Study: wireless devices improve blood pressure tracking, adherence

By: Aditi Pai | Jul 11, 2013        

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iMetrikusA study conducted by the Center for Connected Health, a division of Partners HealthCare, showed wireless mobile technologies positively impact patient engagement and can be more effective than modem-based devices. The study was published in the Journal of Diabetes Science and Technology in May.

In the 30 patient study, participants using Bluetooth-enabled wireless devices connected to a cellular-enabled hub recorded more frequent and a higher number of blood pressure readings than patients using modem-based devices.

Patients using wireless devices recorded on average three measurements every five days and patients using modem-based devices on average recorded one measurement every five days. When uploading data, patients with wireless-enabled devices uploaded their information on average twice every five days and those with modem-enabled devices uploaded once every 100 days. While the time it took patients to first upload their data was lower for the patients in the wireless-based device group at four days versus seven days, the time to first measurement didn’t differ much.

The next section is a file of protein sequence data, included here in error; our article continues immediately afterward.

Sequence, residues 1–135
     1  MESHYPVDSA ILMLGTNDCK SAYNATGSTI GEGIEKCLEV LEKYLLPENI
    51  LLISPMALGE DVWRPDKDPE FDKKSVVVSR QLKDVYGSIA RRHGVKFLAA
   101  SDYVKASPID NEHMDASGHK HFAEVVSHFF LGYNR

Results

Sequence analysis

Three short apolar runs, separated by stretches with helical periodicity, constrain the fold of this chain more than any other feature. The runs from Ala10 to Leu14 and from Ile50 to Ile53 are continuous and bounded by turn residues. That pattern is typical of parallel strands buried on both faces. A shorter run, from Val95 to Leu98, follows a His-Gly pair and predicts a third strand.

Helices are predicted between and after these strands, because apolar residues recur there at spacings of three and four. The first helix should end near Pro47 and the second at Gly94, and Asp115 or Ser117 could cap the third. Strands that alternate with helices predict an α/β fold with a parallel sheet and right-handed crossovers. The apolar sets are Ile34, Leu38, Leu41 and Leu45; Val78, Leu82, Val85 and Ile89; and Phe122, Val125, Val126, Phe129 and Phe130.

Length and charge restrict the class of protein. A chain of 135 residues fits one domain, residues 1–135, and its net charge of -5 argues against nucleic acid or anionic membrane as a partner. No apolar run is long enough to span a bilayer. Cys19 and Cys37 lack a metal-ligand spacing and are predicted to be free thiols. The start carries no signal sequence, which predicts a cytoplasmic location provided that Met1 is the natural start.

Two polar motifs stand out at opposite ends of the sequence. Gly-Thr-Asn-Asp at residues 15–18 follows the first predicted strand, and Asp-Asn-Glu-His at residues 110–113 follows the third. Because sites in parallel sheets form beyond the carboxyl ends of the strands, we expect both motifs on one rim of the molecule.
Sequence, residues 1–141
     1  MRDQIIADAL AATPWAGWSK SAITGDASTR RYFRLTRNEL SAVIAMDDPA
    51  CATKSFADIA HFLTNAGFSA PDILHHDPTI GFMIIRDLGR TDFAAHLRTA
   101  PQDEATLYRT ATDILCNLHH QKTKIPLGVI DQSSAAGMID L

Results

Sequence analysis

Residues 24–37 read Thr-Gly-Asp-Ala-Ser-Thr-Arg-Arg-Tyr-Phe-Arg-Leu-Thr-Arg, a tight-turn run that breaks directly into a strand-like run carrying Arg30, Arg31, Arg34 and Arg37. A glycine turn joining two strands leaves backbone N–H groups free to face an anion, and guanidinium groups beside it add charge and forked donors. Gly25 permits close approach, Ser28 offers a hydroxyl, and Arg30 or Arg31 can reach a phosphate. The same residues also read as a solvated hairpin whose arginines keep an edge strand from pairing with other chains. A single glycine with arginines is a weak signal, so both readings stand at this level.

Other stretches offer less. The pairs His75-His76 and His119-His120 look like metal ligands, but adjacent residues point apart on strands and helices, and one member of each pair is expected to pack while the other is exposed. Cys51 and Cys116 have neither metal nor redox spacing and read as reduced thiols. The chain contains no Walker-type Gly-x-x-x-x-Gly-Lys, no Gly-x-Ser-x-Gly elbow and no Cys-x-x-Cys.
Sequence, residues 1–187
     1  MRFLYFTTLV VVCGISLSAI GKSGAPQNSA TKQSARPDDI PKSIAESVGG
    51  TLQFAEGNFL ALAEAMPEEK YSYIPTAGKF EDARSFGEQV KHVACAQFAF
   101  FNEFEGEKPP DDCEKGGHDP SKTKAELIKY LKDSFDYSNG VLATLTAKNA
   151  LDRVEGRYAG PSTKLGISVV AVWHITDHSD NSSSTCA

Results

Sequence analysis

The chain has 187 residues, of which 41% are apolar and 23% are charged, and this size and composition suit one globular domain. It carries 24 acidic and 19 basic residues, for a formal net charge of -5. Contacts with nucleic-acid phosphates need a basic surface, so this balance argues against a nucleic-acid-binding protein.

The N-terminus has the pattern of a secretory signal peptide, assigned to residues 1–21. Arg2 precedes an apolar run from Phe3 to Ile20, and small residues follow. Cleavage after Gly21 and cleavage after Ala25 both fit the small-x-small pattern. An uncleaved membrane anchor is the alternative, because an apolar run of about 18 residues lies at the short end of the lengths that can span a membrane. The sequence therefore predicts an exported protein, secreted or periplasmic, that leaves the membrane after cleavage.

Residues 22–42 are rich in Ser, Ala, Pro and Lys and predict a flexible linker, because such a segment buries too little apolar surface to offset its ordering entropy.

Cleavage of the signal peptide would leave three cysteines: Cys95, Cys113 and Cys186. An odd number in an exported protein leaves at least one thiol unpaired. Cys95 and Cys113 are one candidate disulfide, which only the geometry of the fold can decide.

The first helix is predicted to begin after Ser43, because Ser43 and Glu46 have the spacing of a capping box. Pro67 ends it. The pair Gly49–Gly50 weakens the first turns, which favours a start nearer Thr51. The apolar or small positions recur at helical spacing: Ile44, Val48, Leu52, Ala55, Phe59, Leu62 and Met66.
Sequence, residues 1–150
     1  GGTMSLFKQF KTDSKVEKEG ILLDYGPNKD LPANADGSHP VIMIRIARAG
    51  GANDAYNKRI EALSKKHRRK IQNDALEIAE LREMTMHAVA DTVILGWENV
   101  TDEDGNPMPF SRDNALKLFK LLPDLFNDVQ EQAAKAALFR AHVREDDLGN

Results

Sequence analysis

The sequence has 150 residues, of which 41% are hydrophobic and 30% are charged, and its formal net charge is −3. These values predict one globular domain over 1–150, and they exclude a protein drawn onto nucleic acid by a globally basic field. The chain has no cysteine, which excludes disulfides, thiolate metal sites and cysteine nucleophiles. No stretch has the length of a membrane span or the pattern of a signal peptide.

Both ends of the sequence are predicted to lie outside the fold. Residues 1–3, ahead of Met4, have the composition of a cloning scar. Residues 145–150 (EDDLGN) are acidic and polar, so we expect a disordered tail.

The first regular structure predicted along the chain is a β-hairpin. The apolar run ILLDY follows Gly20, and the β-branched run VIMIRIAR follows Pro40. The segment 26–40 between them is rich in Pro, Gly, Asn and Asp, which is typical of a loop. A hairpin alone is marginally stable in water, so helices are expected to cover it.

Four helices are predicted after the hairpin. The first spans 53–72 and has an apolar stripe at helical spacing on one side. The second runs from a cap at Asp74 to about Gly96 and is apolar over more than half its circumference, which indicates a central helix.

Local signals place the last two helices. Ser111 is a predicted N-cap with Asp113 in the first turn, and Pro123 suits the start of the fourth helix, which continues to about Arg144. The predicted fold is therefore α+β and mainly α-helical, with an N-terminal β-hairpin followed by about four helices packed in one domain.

Founder and Director of the Center for Connected Health Joseph Kvedar, MD, said in a press release “the less obtrusive the upload process, the better the level of patient engagement,” but this increased engagement also “provides clinicians with timely data to facilitate improved patient-provider communication and more timely intervention.”

The Center offers remote monitoring programs for chronic disease self-management in diabetes, hypertension and heart failure with two types of data transfer technology — telephone modem-based devices and wireless-based devices. Of the 30 patients, drawn from three clinical practices, the median age was 61.7 years.

The data was collected after the fact, supported by a grant from the Verizon Foundation.


  • Blipcare

    in 2006, we conducted a retrospective study of 8,000 patients using the same modem based device in Dr. Kvedar’s study. We found sustained compliance rapidly dropped from 20% to about 8% after 90 days!

    About the same time, Motorola Health (now defunct) conducted a study at Partners using Bluetooth Blood Pressure monitors transmitting via cell phones. They found sustained compliance after 90 days was 17%. It was twice that of modem device but still pretty low.

    A Motorola Expert advised that for sustained compliance, users should not have do anything other than take a reading. The act of launching an App, turning bluetooth on, ensuring proximity to the smartphone or in case of modem based device connecting a cable or pressing a send button – all actions reduce sustained compliance after the novelty period has worn off.

    We found long range wireless like Zigbee or WiFi provide more user friendly solutions which can yield much higher sustained compliance of 70-75%. This is about 4X of Bluetooth and 9X of modem based devices.